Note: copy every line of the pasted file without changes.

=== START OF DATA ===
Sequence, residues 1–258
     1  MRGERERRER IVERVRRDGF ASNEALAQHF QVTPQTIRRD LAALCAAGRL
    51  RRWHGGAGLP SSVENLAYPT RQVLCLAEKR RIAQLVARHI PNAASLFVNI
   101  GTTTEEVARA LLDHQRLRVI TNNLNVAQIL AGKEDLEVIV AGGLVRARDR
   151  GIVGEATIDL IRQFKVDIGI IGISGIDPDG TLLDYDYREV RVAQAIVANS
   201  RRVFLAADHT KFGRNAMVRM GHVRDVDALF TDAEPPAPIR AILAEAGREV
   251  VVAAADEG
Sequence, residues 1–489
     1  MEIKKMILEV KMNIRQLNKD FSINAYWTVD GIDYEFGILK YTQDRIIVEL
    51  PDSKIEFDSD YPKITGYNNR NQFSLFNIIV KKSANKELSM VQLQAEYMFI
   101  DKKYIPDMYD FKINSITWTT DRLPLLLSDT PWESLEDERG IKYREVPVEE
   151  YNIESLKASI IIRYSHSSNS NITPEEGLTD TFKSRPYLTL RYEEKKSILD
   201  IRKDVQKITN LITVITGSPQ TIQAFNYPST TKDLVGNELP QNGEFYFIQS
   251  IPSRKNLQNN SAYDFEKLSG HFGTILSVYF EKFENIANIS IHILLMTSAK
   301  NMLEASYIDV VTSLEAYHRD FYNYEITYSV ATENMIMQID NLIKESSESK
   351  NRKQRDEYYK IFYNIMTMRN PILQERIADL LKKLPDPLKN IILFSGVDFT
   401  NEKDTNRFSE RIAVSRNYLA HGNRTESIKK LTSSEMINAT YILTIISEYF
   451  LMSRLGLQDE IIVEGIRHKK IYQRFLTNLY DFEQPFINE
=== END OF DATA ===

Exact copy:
Sequence, residues 1–258
     1  MRGERERRER IVERVRRDGF ASNEALAQHF QVTPQTIRRD LAALCAAGRL
    51  RRWHGGAGLP SSVENLAYPT RQVLCLAEKR RIAQLVARHI PNAASLFVNI
   101  GTTTEEVARA LLDHQRLRVI TNNLNVAQIL AGKEDLEVIV AGGLVRARDR
   151  GIVGEATIDL IRQFKVDIGI IGISGIDPDG TLLDYDYREV RVAQAIVANS
   201  RRVFLAADHT KFGRNAMVRM GHVRDVDALF TDAEPPAPIR AILAEAGREV
   251  VVAAADEG
Sequence, residues 1–489
     1  MEIKKMILEV KMNIRQLNKD FSINAYWTVD GIDYEFGILK YTQDRIIVEL
    51  PDSKIEFDSD YPKITGYNNR NQFSLFNIIV KKSANKELSM VQLQAEYMFI
   101  DKKYIPDMYD FKINSITWTT DRLPLLLSDT PWESLEDERG IKYREVPVEE
   151  YNIESLKASI IIRYSHSSNS NITPEEGLTD TFKSRPYLTL RYEEKKSILD
   201  IRKDVQKITN LITVITGSPQ TIQAFNYPST TKDLVGNELP QNGEFYFIQS
   251  IPSRKNLQNN SAYDFEKLSG HFGTILSVYF EKFENIANIS IHILLMTSAK
   301  NMLEASYIDV VTSLEAYHRD FYNYEITYSV ATENMIMQID NLIKESSESK
   351  NRKQRDEYYK IFYNIMTMRN PILQERIADL LKKLPDPLKN IILFSGVDFT
   401  NEKDTNRFSE RIAVSRNYLA HGNRTESIKK LTSSEMINAT YILTIISEYF
   451  LMSRLGLQDE IIVEGIRHKK IYQRFLTNLY DFEQPFINE